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Dirk Bouts Restoration

Dirk Bouts lived in Leuven and painted this Flemish masterpiece, the Martyrdom of Saint Erasmus, in his typical style. The triptych, which is of exceptionally high artistic value, is considered to be one of the Flemish Primitive’s most important works. Bouts’ style is evident from the refined technique, the harmonious and balanced composition, the depiction of the landscape, the tall figures and the colouring.

M plans to restore and analyse the painting meticulously in order to enhance our knowledge about Dirk Bouts and his artistic practice. After its restoration, the triptych will be exhibited beside the already restored Last Supper by Dirk Bouts in Saint Peter’s Church, where both works have been preserved in situ for more than five centuries.
Interview with Marjan Debaene, ​Head of collections
What makes this work so special?
“Dirk Bouts was one of the Flemish Primitives, but the fact that he was a painter from Leuven is perhaps of even greater importance to M. The Martyrdom of Saint Erasmus is one of the two masterpieces by Bouts which is still located in the place for which it was originally intended, almost 600 years after its creation. The work was commissioned in 1460 for a chapel inside Saint Peter’s Church, where it can be still be seen today. Bouts is the odd one out among the Flemish Primitives because his works are not overly dramatic. This is a good example of that. Erasmus’ face and posture appear to be more or less indifferent to his martyrdom. Bouts was sometimes known as the painter of silence due to this characteristic style.”

Why is the work being restored?
“The painting is very old and the last major restoration was done in 1952. The restoration of paintings is also a preventative measure to avoid permanent damage or loss. In the decades since it was last restored, a number of areas on the painting now require our attention and care. For example, there is a yellowing layer of varnish that must be removed and there are some problems with the paint. Throughout the years, the work has undergone minor changes in climate, and these affect the wooden surface on which it is painted. If the air becomes too damp, the wood expands, causing tiny cracks in the paint. If the space becomes warmer, the wood shrinks and there is too much paint on the panel. The result is that the paint detaches from the wood in certain places. This is called effective paint loss. These problems are minimal but we do have to intervene on time to prevent the situation from getting worse.”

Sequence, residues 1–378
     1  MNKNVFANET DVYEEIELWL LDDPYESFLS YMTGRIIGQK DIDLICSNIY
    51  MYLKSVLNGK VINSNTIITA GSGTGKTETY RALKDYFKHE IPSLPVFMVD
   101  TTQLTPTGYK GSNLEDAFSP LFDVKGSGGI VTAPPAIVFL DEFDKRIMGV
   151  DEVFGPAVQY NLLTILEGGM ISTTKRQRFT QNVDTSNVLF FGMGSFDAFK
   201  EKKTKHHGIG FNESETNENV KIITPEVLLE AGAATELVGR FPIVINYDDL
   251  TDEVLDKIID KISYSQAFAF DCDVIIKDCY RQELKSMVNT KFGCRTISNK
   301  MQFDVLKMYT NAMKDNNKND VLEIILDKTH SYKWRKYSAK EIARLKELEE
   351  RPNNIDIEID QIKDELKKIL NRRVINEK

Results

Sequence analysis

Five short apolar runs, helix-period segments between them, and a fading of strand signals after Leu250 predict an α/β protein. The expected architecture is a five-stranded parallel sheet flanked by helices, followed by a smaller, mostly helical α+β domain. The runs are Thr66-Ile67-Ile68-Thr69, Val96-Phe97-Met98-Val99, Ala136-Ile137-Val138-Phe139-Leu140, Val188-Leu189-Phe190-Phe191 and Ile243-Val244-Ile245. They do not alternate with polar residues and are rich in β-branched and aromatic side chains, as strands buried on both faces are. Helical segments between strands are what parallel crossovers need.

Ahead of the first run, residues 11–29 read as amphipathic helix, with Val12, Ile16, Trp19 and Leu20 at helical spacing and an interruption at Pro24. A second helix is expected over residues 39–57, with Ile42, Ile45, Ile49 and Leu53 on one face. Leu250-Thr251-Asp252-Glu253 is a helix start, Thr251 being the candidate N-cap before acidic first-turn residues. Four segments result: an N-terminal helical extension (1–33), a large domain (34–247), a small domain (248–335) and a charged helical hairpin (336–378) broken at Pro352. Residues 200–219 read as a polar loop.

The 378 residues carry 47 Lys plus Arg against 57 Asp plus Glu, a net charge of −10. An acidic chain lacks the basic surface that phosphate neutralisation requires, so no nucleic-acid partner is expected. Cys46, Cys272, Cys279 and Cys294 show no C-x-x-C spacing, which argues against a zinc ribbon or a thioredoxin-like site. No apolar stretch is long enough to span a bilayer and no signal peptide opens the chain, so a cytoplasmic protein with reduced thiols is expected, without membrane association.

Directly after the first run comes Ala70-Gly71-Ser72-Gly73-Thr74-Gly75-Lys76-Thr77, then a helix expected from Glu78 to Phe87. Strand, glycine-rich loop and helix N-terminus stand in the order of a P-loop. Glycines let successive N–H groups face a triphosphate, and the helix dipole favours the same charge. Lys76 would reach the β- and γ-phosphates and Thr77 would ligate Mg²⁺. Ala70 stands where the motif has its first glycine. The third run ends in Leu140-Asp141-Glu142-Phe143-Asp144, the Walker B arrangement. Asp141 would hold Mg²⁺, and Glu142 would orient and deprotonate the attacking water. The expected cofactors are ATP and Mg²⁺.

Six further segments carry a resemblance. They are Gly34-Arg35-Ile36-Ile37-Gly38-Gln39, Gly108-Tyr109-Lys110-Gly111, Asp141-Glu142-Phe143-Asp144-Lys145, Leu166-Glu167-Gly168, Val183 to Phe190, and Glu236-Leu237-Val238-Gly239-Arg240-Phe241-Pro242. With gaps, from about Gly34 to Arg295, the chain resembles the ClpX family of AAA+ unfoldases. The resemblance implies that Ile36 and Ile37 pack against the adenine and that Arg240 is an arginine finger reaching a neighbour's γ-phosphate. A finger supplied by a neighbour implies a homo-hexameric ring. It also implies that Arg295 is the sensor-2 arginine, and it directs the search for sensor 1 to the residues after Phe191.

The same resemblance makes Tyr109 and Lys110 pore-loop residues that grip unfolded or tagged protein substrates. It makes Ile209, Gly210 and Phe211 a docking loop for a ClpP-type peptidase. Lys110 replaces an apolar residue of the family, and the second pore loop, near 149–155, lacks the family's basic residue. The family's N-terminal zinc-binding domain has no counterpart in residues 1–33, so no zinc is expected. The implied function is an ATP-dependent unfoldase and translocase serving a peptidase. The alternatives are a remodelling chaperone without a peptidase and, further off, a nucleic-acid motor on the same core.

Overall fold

What does such a restoration entail?
“The painting itself is cleaned completely and the yellow varnish and clumsy touch-ups are removed. The layer of paint is stabilized and repaired with accurate colours where necessary. We will also do various tests to expand our scientific knowledge about Bouts. We have many questions. We can establish the age of the wooden panel using dendrochronology (dendron: tree; chronos: time). We will also examine the painting under a UV lamp, which shines a blue light onto the work so that we can see whether there are multiple layers of paint and what might have been painted over. Restorers also use this technique at the beginning of the process to have an idea of the extent of the restoration required.”

What would we like to know about the work?
“It is impossible to predict if we will discover any new information, but there are some specific questions we would like to answer. For example, is the benefactor of the work actually depicted anywhere, and why are Saints Erasmus, Jerome and Bernard depicted together here? Some people interpret this as being a reference to the three forms of holiness: martyrdom, learning and mysticism. But is that really true?”
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